What does this measure?
Save the Sound, an organization dedicated to improving the land, air and water of Connecticut and Long Island Sound, develops and releases a report card every two years on the ecological health of the Sound. The report card includes water quality scores (0-100%) for sub-regions of the Sound. Westchester County is part of the Eastern Narrows sub-region and thus plays an important part in shaping its ecological health. Scores are based on scientifically derived scales that rely on multiple data points, including dissolved organic carbon, dissolved oxygen, chlorophyll a and water clarity. For more information, visit www.savethesound.org/report-card or www.soundhealthexplorer.org .
Why is this important?
Local conditions, stormwater and wastewater infrastructure, development patterns and land use play a critical part in shaping the Sound's ecological health. Water quality in the Eastern Narrows is in part a reflection of conditions in adjacent communities, including those in Westchester County. Regular scientific monitoring can be a tool to empower communities to make decisions that better protect water quality in Long Island Sound.
How is Westchester County performing?
In 2020, the Eastern Narrows sub-region of Long Island Sound received a score of 74%, or a grade of C on a scale from A-F. This was down slightly from 2018 (82% or B-) but similar to 2016 (70% or C-). The lower grade was mainly due to worsening chlorophyll a, a measure of microalgae growth in the Sound, along with fluctuating weather conditions, according to the report card. Save the Sound also assigns a rating of Improving, Stable, Variable or Declining to each sub-region based on its scores over a 12-year period; the Eastern Narrows trend in 2020 was lowered from Stable to Variable.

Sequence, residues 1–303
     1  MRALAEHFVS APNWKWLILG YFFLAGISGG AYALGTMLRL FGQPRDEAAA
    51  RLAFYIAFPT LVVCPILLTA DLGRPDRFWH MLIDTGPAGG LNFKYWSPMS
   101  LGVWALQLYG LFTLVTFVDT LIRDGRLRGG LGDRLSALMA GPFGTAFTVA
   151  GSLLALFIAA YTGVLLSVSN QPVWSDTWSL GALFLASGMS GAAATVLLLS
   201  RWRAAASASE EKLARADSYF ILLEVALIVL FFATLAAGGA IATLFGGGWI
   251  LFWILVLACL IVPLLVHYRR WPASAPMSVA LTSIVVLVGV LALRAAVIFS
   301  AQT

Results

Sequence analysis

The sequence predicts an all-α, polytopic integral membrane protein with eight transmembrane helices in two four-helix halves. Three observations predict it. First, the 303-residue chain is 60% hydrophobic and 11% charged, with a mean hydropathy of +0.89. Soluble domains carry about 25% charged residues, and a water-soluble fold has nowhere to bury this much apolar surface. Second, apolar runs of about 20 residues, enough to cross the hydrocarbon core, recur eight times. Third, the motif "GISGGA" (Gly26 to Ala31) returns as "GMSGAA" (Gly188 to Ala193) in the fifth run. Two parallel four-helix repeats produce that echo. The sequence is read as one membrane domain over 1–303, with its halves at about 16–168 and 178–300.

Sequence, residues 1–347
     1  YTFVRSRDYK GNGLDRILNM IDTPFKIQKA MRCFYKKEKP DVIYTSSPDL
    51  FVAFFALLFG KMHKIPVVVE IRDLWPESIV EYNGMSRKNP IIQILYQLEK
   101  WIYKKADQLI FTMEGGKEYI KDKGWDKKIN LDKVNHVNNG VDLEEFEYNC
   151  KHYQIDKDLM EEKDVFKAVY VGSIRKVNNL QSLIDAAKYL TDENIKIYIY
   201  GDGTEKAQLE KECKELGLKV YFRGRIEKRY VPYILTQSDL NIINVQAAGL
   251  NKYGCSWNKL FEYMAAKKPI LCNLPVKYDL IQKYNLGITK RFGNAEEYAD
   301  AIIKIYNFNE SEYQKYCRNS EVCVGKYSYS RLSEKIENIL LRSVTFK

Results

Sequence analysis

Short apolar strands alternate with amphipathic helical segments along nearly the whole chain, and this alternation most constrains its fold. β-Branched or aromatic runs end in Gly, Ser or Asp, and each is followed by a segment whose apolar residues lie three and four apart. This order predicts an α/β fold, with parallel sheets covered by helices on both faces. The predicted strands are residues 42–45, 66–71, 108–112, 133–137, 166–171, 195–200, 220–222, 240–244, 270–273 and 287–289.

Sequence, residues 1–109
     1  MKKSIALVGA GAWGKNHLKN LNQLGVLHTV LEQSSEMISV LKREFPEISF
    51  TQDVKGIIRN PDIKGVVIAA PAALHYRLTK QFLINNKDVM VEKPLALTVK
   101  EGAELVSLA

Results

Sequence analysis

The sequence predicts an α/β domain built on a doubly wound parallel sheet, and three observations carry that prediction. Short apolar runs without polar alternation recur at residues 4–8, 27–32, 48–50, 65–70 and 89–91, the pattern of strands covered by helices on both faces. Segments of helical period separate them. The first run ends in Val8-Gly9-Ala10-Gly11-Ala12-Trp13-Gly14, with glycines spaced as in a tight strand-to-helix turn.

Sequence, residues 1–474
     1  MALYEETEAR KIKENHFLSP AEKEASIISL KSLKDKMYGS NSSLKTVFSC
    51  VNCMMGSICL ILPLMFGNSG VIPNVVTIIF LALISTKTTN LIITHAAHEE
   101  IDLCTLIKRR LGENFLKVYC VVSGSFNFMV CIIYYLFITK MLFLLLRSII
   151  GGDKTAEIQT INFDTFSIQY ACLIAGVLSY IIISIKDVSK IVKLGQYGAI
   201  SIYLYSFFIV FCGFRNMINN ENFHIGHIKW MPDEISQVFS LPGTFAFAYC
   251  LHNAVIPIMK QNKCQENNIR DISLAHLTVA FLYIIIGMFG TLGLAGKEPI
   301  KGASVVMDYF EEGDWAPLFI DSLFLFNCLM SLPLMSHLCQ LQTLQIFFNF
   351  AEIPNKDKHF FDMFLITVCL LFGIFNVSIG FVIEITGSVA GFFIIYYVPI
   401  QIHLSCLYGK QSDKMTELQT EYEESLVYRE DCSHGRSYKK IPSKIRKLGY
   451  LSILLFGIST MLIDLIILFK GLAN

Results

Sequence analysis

Sub-region scores in 2020 were poorest on the western end of the Sound (the Western Narrows, at 44% or F) and highest on the eastern end (the Eastern Basin, at 99% or A+). That pattern has been consistent in recent years. This mainly is due to lower tidal exchange and higher population density on the western end of the Sound, according to the report card. Overall, investments in conservation and wastewater treatment have improved water quality in the Sound over the past decade, per the report card, which also recommends reducing nitrogen pollution and stormwater runoff in the future.
Notes about the data
Save the Sound releases its reports on the ecological health of Long Island Sound every two years. The next release is expected in 2022. To learn more about scoring methodology, visit http://www.soundhealthexplorer.org/fishable/.
Notes: Grades calculated by Save the Sound. For more information, visit https://www.savethesound.org/report-card.
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